Mechanisms of cell death induced by the neutrophil antimicrobial peptides alpha-defensins and LL-37.
until further notice
SourceInflammation Research, 55, 3, (2006), pp. 119-127
Article / Letter to editor
Display more detailsDisplay less details
SubjectN4i 1: Pathogenesis and modulation of inflammation; NCMLS 1: Immunity, infection and tissue repair; UMCN 4.2: Chronic inflammation and autoimmunity
OBJECTIVE: The aim of this study was to investigate the mechanisms of cell death mediated by the antimicrobial peptides neutrophil defensins (human neutrophil peptides 1-3 [HNP1-3]) and LL-37. MATERIALS AND METHODS: HNP1-3- and LL-37-mediated cell death was assessed in human lung epithelial cells and Jurkat T-cells in serum-free culture media. RESULTS: Both HNP1-3 and LL-37 induced cell death in Jurkat T-cells and A549 cells. HNP1-3 but not LL-37 induced caspase-3/-7 activity and caused cleavage of [ADP-ribose] polymerase (PARP) in Jurkat cells, while in A549 cells neither peptides induced caspase-3/-7 activation. Furthermore, both peptides increased mitochondrial cytochrome c release in A549 and Jurkat cells. Our observation that over-expression of the anti-apoptotic protein Bcl-2 in Jurkat cells did not affect HNP1-3- or LL-37-induced cell death indicates that antimicrobial peptide-induced cytochrome c release is not involved in peptide-induced cell death. Finally, in A549 cells and in primary bronchial epithelial cells, both HNP1-3 and LL-37 induced DNA breaks as demonstrated by increased TUNEL labelling. CONCLUSIONS: The results from this study suggest that the antimicrobial peptides HNP1-3 and LL-37 induce cell death, which is associated with mitochondrial injury and mediated via different intracellular pathways.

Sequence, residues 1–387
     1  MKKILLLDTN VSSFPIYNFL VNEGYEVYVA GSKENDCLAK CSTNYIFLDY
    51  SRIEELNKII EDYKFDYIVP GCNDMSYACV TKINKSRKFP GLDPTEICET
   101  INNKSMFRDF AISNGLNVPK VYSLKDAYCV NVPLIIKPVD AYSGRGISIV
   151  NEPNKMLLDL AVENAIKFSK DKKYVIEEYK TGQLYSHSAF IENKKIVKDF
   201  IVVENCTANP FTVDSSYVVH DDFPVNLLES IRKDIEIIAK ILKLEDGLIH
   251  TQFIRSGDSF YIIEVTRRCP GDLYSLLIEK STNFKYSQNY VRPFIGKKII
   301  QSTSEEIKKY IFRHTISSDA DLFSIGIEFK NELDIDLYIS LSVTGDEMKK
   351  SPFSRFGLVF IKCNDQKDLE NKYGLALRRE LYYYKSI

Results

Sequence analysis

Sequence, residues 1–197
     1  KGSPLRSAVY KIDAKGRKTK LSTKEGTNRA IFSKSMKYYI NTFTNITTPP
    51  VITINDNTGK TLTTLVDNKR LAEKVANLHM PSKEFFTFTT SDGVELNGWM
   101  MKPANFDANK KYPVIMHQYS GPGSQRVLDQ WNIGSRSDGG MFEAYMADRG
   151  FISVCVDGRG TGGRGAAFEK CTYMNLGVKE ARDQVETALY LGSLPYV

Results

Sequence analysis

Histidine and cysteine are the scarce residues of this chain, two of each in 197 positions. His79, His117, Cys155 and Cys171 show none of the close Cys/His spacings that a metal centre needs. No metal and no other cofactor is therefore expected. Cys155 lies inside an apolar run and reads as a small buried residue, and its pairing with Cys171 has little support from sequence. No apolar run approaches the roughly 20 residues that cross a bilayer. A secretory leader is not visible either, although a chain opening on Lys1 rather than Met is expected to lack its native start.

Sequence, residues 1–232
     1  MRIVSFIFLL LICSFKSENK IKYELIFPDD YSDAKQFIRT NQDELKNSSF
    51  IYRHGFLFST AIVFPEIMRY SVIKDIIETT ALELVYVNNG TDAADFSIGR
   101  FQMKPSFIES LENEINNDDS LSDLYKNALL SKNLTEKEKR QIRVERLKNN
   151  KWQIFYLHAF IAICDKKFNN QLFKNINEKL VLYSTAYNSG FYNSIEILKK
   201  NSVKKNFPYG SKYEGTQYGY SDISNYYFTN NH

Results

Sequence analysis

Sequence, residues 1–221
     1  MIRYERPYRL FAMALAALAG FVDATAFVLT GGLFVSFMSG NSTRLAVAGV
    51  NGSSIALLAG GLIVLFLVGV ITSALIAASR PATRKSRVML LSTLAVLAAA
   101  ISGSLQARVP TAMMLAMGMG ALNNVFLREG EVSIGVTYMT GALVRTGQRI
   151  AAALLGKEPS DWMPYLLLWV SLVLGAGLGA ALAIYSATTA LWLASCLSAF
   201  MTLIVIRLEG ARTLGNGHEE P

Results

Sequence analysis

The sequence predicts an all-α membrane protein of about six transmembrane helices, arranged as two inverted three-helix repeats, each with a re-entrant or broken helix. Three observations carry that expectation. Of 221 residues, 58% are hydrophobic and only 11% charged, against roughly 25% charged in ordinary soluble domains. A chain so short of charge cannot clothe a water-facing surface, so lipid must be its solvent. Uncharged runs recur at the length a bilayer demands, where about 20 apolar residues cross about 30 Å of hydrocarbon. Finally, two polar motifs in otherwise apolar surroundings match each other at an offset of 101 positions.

Upload full text
Use your RU credentials (u/z-number and password) to log in with SURFconext to upload a file for processing by the repository team.